The postelection questioning caps a turbulent year for Facebook, during which its power to influence what its 1.79 billion users watch, read and believe has increasingly been criticized. Almost half of American adults rely on Facebook as a source of news, according to a study by the Pew Research Center. And Facebook often emphasizes its ability to sway its users with advertisers, portraying itself as an effective mechanism to help promote their products. Inside Facebook, employees have become more aware of the company�s role in media after several incidents involving content the social network displayed in users� news feeds.
In May, the company grappled with accusations that politically biased employees were censoring some conservative stories and websites in Facebook�s Trending Topics section, a part of the site that shows the most talked-about stories and issues on Facebook. Facebook later laid off the Trending Topics team.
In September, Facebook came under fire for removing a Pulitzer Prize-winning photo of a naked 9-year-old girl, Phan Thi Kim Phuc, as she fled napalm bombs during the Vietnam War. The social network took down the photo for violating its nudity standards, even though the picture was an illustration of the horrors of war rather than child pornography.
Both those incidents seemed to worsen a problem of fake news circulating on Facebook. The Trending Topics episode paralyzed Facebook�s willingness to make any serious changes to its products that might compromise the perception of its objectivity, employees said. The �napalm girl� incident reminded many insiders at Facebook of the company�s often tone-deaf approach to nuanced situations.
Throughout, Mr. Zuckerberg has defended Facebook as a place where people can share all opinions. When employees objected in October to the stance of Peter Thiel, a Facebook board member, in supporting Mr. Trump, Mr. Zuckerberg said, �We care deeply about diversity� and reiterated that the social network gave everyone the power to share their experiences.
More recently, issues with fake news on the site have mushroomed. Multiple Facebook employees were particularly disturbed last week when a fake news site called The Denver Guardian spread across the social network with negative and false messages about Mrs. Clinton, including a claim that an F.B.I. agent connected to Mrs. Clinton�s email disclosures had murdered his wife and shot himself.
On Thursday, after a companywide meeting at Facebook, many employees said they were dissatisfied with an address from Mr. Zuckerberg, who offered comments to staff that were similar to what he has said publicly.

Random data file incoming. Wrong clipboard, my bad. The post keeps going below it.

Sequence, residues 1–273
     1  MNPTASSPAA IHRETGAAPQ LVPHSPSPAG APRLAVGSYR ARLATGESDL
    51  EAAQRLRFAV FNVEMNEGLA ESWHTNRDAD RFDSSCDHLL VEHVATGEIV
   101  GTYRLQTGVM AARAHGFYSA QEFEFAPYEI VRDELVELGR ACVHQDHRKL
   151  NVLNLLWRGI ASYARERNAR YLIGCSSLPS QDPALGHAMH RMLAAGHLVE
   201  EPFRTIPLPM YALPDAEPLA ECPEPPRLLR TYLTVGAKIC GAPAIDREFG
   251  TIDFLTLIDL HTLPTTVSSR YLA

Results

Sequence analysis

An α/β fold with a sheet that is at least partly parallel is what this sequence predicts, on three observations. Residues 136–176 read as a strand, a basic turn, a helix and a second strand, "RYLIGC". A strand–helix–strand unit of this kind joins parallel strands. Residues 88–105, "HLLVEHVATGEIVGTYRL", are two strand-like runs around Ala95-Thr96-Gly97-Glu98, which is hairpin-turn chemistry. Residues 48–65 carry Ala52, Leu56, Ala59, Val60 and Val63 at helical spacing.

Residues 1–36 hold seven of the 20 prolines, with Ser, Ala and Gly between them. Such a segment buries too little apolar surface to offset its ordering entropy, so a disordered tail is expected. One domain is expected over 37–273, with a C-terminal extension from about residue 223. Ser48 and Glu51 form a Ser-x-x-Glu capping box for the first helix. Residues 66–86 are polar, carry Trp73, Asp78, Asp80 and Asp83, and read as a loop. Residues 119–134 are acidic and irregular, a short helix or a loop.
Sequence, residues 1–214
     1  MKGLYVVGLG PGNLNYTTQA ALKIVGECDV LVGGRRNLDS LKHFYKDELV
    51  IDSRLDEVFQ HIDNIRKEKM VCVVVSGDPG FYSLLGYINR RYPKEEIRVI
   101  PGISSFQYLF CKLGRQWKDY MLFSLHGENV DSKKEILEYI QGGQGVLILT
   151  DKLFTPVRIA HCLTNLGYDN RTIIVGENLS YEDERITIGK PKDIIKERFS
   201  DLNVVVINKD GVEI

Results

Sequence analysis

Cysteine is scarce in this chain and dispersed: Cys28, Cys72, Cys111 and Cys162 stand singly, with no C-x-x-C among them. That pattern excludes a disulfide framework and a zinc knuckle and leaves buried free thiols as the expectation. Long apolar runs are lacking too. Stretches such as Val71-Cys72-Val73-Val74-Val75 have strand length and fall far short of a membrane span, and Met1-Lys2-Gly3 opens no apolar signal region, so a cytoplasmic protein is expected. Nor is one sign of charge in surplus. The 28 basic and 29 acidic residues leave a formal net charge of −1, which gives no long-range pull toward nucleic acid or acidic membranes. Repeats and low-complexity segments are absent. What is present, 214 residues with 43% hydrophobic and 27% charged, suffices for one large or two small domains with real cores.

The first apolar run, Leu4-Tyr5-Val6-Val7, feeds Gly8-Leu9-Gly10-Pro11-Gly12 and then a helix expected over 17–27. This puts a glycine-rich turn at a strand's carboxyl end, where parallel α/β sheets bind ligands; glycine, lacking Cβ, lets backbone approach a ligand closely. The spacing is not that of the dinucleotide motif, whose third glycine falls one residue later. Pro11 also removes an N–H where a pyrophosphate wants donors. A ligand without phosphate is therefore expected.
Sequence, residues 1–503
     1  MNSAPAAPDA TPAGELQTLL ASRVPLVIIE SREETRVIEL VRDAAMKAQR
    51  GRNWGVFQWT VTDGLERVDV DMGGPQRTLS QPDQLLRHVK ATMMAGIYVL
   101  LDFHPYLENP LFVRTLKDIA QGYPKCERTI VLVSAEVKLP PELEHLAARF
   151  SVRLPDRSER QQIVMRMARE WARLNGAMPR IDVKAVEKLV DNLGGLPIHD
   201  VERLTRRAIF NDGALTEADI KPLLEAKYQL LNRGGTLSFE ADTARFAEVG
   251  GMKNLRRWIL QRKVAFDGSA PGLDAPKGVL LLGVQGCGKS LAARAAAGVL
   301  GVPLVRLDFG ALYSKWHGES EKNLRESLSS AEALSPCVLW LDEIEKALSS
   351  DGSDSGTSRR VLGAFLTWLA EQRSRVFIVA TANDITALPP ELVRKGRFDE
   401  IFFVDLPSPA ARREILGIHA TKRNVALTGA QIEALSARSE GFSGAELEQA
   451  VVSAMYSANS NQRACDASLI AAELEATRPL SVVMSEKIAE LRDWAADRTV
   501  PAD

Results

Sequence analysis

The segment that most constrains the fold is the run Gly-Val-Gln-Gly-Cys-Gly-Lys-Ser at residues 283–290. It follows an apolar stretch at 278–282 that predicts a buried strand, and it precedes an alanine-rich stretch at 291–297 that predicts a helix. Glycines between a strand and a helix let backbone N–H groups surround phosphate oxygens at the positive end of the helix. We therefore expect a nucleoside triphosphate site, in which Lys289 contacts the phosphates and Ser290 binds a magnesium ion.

Even in private, Mr. Zuckerberg has continued to resist the notion that Facebook can unduly affect how people think and behave. In a Facebook post circulated on Wednesday to a small group of his friends, which was obtained by The New York Times, Mr. Zuckerberg challenged the idea that Facebook had a direct effect on the way people voted.
In the three-paragraph post, the chief executive cited several statistics about low voter turnout during the election.Then Mr. Zuckerberg wrote: �So rather than focusing on strengths or weaknesses in specific demographics, or other factors that may have pushed this race in one direction or another, these stats clearly suggest what many people have said all along. Both candidates were very unpopular.
I believe Mark Zuckerberg is right here. Facebook probably didn’t have much influence on the way people voted. Liberals think Facebook is being partisan, and conservatives have accused them of censoring their trending topics. So which is it? I know for me I decided to vote third party when the candidate I was supporting dropped out 6 months ago. That didn’t have anything to do with Facebook or Twitter, for that matter. I guess I’m the rare person that actually watches primary debates, pays attention to policy speeches, looks at where candidates stand on certain issues, etc. All this research is going on while Donald Trump is attacking Ted Cruz because his father supposedly had some such to do with Lee harvy Oswald… what the? Oh yeah, and Hillary was still under FBI investigation the first time. So this stuff was all over Twitter constantly, 24/7. It didn’t influence me when I voted in the primary, I still voted for the candidate I re-registered to vote for, even though they dropped out by then. If it didn’tt influence me then, it definitely didn’t have any impact when it came down to casting my ballot for the general.